Chinese Auto Group Calls for Stimulus to Help Spur Car Sales
(Bloomberg) — An influential Chinese auto-industry trade group has asked authorities to unleash stimulus measures to counter the sector’s worst slump in a generation.
The state-backed China Association of Automobile Manufacturers asked authorities to relax limits on license plates issued in some cities and lower levies paid by vehicle buyers in rural areas, according to Xu Haidong, an assistant secretary general at the group.
“Auto demand became collateral damage,” Xu, who’s based in Beijing, said in an interview on Tuesday, without further elaborating on the proposed measures. “Loosening car purchase restriction in big cities would be the most effective approach to revive sales for the time being.”
CAAM’s proposal comes in the wake of the world’s largest auto market shrinking every month for about a year, and builds on the growing calls for government help as escalating tensions with the U.S. threatens to deal a further blow to the $12.2 trillion economy. Last month, the nation’s top auto-dealers association sought the government’s aid to boost sales after inventory piled up and profit margins shrank.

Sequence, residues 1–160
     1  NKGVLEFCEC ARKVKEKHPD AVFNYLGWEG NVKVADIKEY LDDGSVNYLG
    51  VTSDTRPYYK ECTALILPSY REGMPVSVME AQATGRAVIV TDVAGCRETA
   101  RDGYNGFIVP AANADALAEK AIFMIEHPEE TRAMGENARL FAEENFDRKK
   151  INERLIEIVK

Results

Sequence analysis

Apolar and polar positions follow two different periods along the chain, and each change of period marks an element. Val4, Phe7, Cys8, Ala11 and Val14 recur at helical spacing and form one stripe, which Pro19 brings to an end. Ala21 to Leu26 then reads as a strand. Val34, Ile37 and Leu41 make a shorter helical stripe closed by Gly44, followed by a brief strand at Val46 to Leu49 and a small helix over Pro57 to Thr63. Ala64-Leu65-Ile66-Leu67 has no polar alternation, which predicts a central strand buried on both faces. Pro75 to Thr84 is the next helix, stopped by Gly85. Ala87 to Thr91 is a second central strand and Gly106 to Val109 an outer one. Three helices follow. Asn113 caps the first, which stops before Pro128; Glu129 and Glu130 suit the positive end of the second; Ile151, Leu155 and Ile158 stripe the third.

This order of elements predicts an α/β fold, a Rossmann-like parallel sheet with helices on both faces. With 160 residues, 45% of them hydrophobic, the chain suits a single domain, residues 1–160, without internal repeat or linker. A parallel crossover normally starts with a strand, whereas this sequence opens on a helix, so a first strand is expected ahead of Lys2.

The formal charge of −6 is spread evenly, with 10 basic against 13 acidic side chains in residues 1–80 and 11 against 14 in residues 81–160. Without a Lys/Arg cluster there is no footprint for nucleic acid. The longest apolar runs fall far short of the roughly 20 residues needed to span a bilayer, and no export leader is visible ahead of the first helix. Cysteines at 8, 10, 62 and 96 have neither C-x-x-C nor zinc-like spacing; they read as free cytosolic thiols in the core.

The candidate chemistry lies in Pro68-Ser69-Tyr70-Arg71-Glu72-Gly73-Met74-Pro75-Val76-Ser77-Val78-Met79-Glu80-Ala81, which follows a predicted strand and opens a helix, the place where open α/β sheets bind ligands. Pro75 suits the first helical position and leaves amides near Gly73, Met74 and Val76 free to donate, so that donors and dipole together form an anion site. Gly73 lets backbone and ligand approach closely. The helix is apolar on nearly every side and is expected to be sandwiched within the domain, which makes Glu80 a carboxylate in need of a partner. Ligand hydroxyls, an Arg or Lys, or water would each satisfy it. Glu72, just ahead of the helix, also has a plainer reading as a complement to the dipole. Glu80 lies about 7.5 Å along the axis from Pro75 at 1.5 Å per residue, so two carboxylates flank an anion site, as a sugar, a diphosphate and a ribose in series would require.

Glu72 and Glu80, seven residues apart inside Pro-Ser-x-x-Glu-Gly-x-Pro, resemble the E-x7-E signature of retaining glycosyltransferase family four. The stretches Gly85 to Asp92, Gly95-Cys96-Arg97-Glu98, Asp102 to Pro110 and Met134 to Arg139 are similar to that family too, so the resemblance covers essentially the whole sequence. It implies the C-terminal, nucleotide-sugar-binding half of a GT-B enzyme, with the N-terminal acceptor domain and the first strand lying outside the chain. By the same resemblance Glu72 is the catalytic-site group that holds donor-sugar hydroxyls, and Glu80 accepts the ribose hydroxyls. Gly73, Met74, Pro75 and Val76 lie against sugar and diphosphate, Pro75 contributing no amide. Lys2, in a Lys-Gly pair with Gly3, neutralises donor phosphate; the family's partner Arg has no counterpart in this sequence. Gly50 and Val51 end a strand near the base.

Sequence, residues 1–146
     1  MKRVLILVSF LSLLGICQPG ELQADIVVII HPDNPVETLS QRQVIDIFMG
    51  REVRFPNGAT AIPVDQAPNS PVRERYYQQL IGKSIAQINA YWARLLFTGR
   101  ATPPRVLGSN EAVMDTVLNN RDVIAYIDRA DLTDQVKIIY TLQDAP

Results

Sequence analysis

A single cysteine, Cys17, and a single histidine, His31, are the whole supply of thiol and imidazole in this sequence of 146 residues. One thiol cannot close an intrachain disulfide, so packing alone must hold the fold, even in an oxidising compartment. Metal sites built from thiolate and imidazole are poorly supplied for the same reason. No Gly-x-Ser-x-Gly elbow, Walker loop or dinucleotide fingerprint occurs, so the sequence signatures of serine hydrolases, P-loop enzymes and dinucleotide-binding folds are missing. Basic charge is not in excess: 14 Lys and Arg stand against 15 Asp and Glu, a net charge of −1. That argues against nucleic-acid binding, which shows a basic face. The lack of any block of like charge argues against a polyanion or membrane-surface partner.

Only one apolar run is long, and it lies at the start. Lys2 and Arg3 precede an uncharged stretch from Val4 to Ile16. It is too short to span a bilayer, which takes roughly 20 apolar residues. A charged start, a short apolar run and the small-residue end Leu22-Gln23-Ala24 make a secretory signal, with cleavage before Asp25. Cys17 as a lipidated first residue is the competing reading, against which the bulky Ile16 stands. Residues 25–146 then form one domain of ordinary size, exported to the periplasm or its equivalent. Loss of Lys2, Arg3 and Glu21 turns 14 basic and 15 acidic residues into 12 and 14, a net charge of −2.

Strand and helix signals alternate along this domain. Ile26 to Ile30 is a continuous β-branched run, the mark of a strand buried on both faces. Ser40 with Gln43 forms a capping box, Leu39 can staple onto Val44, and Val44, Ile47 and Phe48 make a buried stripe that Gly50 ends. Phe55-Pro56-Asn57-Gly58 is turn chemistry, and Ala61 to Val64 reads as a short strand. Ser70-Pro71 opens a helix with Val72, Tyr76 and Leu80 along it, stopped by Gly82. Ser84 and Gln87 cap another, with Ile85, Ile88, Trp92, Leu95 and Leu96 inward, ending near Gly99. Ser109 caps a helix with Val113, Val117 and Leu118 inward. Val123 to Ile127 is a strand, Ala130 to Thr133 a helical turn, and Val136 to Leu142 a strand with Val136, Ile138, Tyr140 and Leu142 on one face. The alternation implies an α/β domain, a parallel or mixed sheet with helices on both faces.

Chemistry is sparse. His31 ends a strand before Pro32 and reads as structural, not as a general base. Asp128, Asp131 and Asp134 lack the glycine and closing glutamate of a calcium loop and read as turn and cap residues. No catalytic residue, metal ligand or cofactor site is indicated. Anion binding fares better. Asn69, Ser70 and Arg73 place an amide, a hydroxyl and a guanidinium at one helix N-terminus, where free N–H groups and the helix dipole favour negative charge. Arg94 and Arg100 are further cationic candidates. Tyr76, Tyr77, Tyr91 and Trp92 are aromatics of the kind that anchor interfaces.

CAAM, as the car association is known, represents about 2,700 members in the auto industry.
After soaring for the past three decades, demand for autos in China has unexpectedly hit a bump after the government cut excess industrial capacity, tightened environmental norms and cracked down on peer-to-peer lending, Xu said.
Tensions between the world’s two biggest economies now threaten to damage trade and confidence in the market, where carmakers from Volkswagen AG to General Motors Co. have invested billions of dollars in the hope that China would keep growing even as demand wanes in Europe and North America.
While the central government in Beijing has been considering steps to stimulate demand, the National Development and Reform Commission has said any changes to policies will be made only after consultations with all relevant parties and thorough debate.
Stricter emission standards that will become effective in July in some areas also weighed on automakers as consumers postpone purchases, according to Xu. Automakers and sellers have been slashing prices to help digest the stockpile of the older models, with discounts of as much as 35%, he said.
“Automakers are in a tough spot,” said Xu. “They have been scratching their heads every month wondering what emission standards their cars should meet.”
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